Tag Archives: Binge-drinking

British binge-drinking, 1927 edition

27 May

Photo: Christopher Pledger, Daily Telegraph, 2009.

For at least the past decade or so, the British press has been indulging in one of its periodic bouts of hand-wringing at the drinking habits of young women. Proving that there is nothing new under the sun, certainly not newspapermen’s morbid fascination primly disguised as moral crusade, is this bourgeois-epating story from 1927:

Forty cocktails a day “without turning a hair” is the new all-British record, both for flappers and confirmed drinkers.

An anonymous English girl of “good social standing” turned the trick.

Hitherto, 12 to 15 cocktails a day has been considered a very respectable average for the energetic flapper but the Rev. W. H. G. Shapcott’s assertion that he has met a 17-year-old girl who boasted she could get outside of 40 of them between breakfast and breakfast, has caught the imagination of all London and the news and editorial columns of the newspapers blazon her prowess.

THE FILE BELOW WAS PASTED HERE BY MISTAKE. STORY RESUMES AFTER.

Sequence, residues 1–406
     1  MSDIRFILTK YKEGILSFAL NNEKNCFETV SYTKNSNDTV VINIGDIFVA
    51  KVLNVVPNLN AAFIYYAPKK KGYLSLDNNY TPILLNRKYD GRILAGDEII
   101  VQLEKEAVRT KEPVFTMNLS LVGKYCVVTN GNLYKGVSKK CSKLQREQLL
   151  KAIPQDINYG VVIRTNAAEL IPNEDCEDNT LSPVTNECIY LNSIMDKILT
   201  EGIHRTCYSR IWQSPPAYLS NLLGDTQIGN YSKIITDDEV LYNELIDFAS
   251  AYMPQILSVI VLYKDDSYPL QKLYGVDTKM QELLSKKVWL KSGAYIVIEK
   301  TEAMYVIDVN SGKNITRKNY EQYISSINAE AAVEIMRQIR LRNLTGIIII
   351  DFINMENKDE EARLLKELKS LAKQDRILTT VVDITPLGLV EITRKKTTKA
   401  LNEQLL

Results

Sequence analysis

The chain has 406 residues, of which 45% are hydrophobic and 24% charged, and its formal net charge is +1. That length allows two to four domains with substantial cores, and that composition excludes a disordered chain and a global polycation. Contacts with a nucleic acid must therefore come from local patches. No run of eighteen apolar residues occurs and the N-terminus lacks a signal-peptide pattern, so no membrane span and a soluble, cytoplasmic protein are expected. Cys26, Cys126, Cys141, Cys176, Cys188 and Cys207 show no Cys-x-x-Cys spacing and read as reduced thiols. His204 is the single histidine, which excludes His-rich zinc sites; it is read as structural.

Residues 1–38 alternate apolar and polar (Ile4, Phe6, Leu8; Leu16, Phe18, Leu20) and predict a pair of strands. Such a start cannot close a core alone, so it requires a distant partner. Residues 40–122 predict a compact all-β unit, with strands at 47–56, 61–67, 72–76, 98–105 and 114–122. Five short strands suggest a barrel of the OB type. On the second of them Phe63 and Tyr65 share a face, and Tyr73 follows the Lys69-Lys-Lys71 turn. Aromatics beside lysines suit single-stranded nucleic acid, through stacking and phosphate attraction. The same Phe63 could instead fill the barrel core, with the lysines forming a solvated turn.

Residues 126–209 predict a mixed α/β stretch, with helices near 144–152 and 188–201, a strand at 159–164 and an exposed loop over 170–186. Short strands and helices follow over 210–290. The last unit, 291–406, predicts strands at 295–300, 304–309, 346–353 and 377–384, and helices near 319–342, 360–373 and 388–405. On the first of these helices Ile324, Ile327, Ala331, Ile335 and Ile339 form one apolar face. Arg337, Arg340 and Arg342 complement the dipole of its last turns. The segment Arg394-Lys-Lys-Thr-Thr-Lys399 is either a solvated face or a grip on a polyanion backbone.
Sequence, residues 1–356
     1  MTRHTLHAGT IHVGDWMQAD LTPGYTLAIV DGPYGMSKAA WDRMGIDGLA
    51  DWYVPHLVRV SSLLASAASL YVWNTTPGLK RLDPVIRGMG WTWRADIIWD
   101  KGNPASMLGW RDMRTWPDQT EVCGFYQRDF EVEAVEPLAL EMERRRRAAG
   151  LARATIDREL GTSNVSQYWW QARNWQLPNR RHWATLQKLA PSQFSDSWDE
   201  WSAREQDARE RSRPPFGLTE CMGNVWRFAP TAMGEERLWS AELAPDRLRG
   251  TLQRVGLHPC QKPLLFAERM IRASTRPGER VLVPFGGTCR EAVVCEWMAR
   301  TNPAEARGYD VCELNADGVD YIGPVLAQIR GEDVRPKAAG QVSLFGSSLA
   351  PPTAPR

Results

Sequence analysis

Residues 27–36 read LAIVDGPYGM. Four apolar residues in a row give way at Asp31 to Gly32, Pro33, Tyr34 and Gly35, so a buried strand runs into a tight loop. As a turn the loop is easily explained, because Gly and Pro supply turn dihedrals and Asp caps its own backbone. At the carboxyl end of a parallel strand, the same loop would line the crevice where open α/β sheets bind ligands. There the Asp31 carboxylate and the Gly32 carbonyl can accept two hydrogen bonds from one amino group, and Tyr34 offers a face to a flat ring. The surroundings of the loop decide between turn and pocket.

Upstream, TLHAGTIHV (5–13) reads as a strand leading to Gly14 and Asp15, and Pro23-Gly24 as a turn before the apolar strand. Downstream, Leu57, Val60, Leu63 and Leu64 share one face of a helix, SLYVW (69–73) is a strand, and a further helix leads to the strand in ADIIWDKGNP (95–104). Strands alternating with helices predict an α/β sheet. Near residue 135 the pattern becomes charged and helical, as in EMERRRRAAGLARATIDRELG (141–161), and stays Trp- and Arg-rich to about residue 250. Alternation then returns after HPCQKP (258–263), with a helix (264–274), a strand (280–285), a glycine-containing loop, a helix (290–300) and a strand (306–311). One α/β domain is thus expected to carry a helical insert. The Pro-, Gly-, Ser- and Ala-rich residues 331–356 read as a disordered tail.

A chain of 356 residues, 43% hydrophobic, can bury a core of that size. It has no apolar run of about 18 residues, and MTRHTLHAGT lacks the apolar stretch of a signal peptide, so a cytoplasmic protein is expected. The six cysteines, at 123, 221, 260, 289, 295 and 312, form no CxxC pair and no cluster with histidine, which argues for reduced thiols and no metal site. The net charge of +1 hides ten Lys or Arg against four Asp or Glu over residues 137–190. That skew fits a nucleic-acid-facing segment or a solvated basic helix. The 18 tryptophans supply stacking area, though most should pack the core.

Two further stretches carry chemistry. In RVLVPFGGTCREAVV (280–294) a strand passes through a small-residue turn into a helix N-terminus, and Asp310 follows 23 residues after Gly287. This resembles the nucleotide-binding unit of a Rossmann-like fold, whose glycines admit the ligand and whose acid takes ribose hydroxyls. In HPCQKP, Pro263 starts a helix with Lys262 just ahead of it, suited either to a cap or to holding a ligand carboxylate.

The Rev. Shapcott, who is Metropolitan secretary of the church army, says he cannot see the greatness of her accomplishment, despite the editorial hullabaloo, and has refused to reveal the girl’s identity. He has said, merely, that  “she is a girl of good social standing and goes to the Riviera every year.”

“But she is not the only case,” he added, in an interview. “Girls are getting more and more into the cocktail habit. Dozens of them drink their 12 of 15 a day and think nothing of it. But the girl who boasted she drank 40 of them headed the list. When she said that that was nothing, and that the number didn’t turn her brain, I told her that it must be because she didn’t have any brain to turn.”

At this rate, cocktail drinking becomes of the expensive pastimes.

Forty cocktails a day represents a drinking bill of about $5,000 a year—or $15 a day. Forty Martinis, for instance, would represent about one and a half bottles of gin and three-fourths of a litre of French vermouth.

With these figures before them, certain speculative editorial writers are inclined to wonder whether the cocktail girl’s claims should not be classified with the English channel swim hoax.

— “English Girl Found Able to Drink 40 Cocktails Day”, Atlanta Constitution, 1 November 1927, p. 10.

Beastliness and binge-drinking

1 Aug